(Greensboro, N.C. – DNS) – Cindy Wiltshire of Lake Ozark, Mo. believes she can now share stories about the many ways Disciples Mission Fund transforms lives.
Wiltshire was among a group of 41 women who participated in a Quadrennial pre-event in Greensboro, N.C. on June 22-23. For seven hours – spread over two days – the women learned about the history of Disciples Mission Fund – the church’s common fund – and ways the fund, typically called DMF, allows Disciples to pool resources to accomplish greater ministry than one congregation might achieve alone. The training was funded by OGMP Promotion Ministries and a grant from the Oreon E. Scott Foundation.
"The information I learned has got me really fired up," said Wiltshire, a fifth-generation Disciple and outreach chair at her church – Lake Ozark Christian Church (Disciples of Christ). "If people really knew all the facts about how DMF supports ministry and mission around the world, there would probably be so much more support."
The training was designed to help women become Disciples Mission Fund advocates. The women will be better equipped when they go back to their home congregations and nearby communities to talk about ways DMF helps connect congregations to worldwide mission.
"I am thankful the women of Quadrennial were chosen to be part of the DMF advocates program because women continue to be dedicated stewards of their time, their talent and their money," said Judy Row, outgoing president of International Disciples Women’s Ministries. "The training will allow participants to go before their congregations and meet with church boards to talk about the importance of giving to DMF and what that means to our church as a whole." Quadrennial was chosen to launch the project because historically, women have been the most faithful supporters and strongest advocates for mission giving.
DMF supports the work of more than 70 ministries of the church, including regions, racial/ethnic ministries, colleges, universities and seminaries, and general ministries. DMF dollars, shared across the life of the church, support regional activities such as church camps, women’s, children’s and men’s activities, congregational nurture, and assistance with the search and call process. General Ministries of the church receive DMF funding for global, domestic, ecumenical, benevolent, and administrative ministries that connect congregations to one another and our partners around the globe.
DMF giving is coordinated through the Office of General Minister and President. Associate General Minister and Vice President Todd Adams and DMF Director Arlene Pimentel were present in Greensboro to lead the training.
"We have to do a better job of telling our story of mission and outreach and our encounters with the holy," emphasized Adams. "We also need to show how DMF connects the church and why others should support it."
Adams pointed out that Disciples agreed to a common mission fund in 1935 at the International Convention. At that meeting, all congregations agreed in covenant to give 10 percent of their operating budget to the common fund. Today, Adams noted, only 128 congregations out of 3,691 congregations honor that covenantal tithe. Approximately 3,000 congregations support ministry beyond the congregation through gifts to DMF, the four special day offerings and the two special mission funds, Week of Compassion and Reconciliation.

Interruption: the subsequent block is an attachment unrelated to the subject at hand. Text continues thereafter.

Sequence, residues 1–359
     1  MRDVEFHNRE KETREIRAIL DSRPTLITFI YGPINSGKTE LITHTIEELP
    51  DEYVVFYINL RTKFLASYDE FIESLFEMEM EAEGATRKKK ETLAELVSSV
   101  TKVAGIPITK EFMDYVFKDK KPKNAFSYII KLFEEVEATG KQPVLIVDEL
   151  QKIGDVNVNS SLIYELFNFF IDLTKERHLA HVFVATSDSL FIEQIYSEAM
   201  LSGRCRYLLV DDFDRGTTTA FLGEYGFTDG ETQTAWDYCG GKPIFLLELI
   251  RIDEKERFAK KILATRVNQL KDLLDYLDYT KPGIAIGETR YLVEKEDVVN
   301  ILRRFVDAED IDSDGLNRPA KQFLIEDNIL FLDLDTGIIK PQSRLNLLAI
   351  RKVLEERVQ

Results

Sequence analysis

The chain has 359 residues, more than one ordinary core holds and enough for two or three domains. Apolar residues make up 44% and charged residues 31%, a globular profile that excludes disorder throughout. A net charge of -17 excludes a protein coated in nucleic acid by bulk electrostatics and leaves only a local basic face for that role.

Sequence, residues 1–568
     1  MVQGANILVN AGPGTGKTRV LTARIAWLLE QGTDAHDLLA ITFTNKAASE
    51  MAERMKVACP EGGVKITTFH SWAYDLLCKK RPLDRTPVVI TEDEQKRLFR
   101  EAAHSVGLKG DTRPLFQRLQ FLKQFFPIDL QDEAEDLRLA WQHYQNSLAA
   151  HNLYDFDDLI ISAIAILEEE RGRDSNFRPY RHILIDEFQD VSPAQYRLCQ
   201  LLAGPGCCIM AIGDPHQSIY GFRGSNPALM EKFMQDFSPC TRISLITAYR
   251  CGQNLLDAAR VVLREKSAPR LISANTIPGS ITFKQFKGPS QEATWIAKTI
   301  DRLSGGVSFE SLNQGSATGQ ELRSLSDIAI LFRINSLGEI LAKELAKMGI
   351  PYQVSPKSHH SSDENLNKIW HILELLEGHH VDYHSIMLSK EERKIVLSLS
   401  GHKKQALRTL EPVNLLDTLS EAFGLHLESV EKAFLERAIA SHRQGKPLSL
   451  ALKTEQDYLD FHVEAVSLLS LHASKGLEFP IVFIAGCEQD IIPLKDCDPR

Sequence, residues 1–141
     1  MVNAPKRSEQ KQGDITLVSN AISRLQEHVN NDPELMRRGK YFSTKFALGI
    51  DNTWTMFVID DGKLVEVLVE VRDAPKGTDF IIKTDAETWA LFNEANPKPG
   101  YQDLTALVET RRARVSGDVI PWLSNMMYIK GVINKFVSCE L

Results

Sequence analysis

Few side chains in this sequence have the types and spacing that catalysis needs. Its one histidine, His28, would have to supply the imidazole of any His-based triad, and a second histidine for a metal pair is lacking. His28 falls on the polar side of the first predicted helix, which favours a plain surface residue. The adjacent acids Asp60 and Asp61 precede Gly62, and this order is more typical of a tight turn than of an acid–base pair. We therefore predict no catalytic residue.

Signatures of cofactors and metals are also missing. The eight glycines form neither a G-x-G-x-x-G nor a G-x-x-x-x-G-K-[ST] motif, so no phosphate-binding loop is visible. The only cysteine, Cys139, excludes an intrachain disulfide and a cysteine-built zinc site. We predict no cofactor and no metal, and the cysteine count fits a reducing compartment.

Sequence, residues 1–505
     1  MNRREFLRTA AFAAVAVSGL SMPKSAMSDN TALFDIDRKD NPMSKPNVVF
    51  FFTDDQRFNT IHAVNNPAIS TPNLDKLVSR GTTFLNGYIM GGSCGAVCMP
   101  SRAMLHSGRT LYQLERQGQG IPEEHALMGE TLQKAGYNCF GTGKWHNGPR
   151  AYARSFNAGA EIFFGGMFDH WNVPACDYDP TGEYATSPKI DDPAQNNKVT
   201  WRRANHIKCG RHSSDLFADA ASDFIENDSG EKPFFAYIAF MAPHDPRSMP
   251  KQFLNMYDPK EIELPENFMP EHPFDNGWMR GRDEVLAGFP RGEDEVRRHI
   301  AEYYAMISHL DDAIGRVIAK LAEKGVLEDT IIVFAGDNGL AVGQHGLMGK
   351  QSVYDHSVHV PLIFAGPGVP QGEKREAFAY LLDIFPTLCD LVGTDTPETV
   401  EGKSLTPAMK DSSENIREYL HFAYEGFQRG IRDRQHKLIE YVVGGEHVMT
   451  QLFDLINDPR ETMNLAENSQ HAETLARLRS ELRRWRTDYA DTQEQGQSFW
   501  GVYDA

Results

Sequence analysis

"It is important that we orient ministers, Disciples Women, and outreach chairs to the history and the stories connected with DMF," he said.
Rosetta Smith, of United Disciples of Christ Church in Charleston, W. Va. was one of the participants at the sessions who agreed with the need for more outreach about the ways DMF works.
"I had a basic understanding of DMF, but I didn’t realize the many ministries it supported," said Smith. "This meeting has inspired me to want to educate people about our history, our traditions, and our covenants."
The training also gave the women information on the church’s four special offerings: Easter (which supports general ministries); Pentecost (for new church ministry); Thanksgiving (for leadership development through colleges, universities and theological institutions) and Christmas, (which supports regional ministries in the nurture and establishment of congregations). The Advocates also learned about the church’s two special mission funds. Those funds are Week of Compassion (the relief, refugee, and development mission fund of the church) and Reconciliation Ministry (which advances the church’s journey toward wholeness by healing the wounds of separation within our churches caused by racism and the systems that perpetuate it).
In addition, Arlene Pimentel provided the women with a resource book and PowerPoint presentations that will help in their advocacy work. Included was information on ways to create a culture of generosity; tips for cultivating and soliciting donors; generational differences in giving; the history of women contributing to DMF, and stewardship worship resources.
"DMF touches and changes lives all across the church and around the globe," said Adams. "What we need are people who are willing to tell the stories of how people’s lives are changed for mission and ministry because of Disciples Mission Fund."
To learn more, visit: www.disciplesmissionfund.org
By: Wanda Bryant Wills, [email protected]